“They’re doing their job”: Canucks’ Hughes speaks on Preds targeting him

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Vancouver Canucks captain Quinn Hughes has taken a beating during the playoffs thus far.

There’s a target on his back and the Nashville Predators have found success in stapling the 5-foot-10 defenceman whenever they get the chance.

“I don’t know, I think that they’re doing their job. They play hard and that’s why they’re here and they’re a good team,” Hughes said when asked if this was the most physical punishment he’s ever sustained while playing hockey.

Hughes admitted with a chuckle that the double hit he took in the first period of Game 3 knocked the wind out of him. He skipped a shift directly after the collision.

“I feel really good,” the captain insisted. “I feel excited for tonight… for the opportunity and try to take advantage of it.”

The Canucks have the chance to win a playoff series on home ice for the first time since 2011.

Hughes has four points through four games and made an incredible play to set up the tying goal in Game 4. However, he hasn’t been the same consistent play-driving monster that fans have come to expect. His ice time has also been down as the team attempts to shield their star from taking too much of a beating.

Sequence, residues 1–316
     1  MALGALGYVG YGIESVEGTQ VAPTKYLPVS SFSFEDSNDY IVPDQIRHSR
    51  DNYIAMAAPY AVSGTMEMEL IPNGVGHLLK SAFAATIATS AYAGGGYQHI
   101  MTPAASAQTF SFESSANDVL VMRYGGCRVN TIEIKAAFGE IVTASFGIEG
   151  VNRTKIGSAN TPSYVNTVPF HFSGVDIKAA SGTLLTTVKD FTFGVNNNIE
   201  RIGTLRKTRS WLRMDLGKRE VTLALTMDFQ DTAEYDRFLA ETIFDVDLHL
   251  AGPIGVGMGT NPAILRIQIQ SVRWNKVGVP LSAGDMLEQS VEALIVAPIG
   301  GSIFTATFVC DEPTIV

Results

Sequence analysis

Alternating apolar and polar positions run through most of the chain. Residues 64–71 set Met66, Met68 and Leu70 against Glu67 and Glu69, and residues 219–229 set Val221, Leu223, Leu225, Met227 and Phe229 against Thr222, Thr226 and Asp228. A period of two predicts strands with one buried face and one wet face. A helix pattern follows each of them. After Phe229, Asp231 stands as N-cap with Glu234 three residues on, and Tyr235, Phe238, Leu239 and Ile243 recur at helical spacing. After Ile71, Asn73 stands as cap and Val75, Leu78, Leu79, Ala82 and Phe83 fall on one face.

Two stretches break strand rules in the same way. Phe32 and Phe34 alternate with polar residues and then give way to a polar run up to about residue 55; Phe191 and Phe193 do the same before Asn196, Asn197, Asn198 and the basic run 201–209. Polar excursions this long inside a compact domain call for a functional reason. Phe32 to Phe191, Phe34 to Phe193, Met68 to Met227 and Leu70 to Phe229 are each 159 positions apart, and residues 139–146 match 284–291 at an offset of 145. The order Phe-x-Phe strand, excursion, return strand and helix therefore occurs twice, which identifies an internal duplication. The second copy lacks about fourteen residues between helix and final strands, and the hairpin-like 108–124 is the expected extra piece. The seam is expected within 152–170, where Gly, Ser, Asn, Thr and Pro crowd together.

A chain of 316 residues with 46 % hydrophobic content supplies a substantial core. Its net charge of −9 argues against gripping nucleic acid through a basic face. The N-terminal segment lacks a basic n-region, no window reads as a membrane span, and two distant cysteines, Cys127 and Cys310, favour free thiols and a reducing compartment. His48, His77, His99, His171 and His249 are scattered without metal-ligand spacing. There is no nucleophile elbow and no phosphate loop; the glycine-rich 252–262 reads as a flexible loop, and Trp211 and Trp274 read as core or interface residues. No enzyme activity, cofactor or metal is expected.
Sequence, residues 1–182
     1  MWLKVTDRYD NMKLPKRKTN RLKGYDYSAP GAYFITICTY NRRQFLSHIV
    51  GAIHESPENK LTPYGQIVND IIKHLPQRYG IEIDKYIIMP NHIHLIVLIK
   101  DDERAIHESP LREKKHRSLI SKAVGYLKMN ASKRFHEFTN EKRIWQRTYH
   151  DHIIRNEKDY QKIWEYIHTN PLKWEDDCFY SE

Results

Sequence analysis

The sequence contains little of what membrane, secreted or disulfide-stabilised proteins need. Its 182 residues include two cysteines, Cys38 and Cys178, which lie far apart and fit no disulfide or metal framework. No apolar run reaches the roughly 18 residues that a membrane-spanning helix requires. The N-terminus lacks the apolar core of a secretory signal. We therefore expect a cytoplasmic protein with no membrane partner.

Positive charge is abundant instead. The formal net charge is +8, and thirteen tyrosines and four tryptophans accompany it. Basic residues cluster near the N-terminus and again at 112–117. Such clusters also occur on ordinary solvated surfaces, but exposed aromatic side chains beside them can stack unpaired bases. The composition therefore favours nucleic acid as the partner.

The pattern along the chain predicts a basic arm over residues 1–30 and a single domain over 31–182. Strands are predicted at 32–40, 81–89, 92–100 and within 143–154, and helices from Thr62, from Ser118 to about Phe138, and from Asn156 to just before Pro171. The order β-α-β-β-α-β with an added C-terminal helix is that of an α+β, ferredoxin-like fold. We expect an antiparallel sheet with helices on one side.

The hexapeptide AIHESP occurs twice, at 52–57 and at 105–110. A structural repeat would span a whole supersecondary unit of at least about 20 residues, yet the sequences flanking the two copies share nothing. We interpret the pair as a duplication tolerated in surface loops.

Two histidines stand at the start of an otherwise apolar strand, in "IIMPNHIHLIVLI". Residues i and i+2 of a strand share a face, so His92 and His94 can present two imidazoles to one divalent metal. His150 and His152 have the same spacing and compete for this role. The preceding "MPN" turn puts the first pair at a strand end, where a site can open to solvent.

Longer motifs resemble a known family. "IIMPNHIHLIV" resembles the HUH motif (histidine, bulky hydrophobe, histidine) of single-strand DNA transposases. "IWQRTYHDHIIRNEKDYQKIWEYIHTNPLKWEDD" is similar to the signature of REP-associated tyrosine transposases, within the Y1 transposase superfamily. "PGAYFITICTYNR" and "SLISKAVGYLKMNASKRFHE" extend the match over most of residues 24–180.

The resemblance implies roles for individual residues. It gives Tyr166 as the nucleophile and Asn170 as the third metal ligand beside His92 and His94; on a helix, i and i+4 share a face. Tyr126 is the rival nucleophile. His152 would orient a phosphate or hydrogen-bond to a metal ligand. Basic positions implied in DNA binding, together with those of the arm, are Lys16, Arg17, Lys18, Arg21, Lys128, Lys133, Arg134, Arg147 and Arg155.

If they do eliminate the Predators tonight, the Canucks could have up to a week off. That would be huge to let Hughes and other ailing players recover.

No matter if they clinch their ticket to the second round tonight or not, the Canucks are going to need to better protect Hughes throughout the playoffs.

“I think first two games I didn’t get hit here and I felt like I played really well. Obviously, a little bit of a different story in Games 3 and 4,” continued Hughes. “Game 3 we had 12 shots on net and really defended the whole game and then Game 4, I think a similar game as well where they probably taking it to us, so I think if we can play a little bit better then those things will be limited.”

The team’s head coach has a similar view on the best way to protect his captain.

“Keep the puck more in their offensive zone,” said Rick Tocchet when asked how the team can reduce the physical beating Hughes has been taking. “When you’re one-and-done, teams get it and now they’re on the go. Whether they rim it in or chip it in, then all of a sudden your defence are under heat.”

“And then moving the puck quicker, our D, instead of massaging it, I think right there is a recipe where they’re not going to be on us as much.”

Tonight will be a good test for the Canucks to see if they can force the game into the Predators zone for long periods, ideally reducing the load their defence takes on.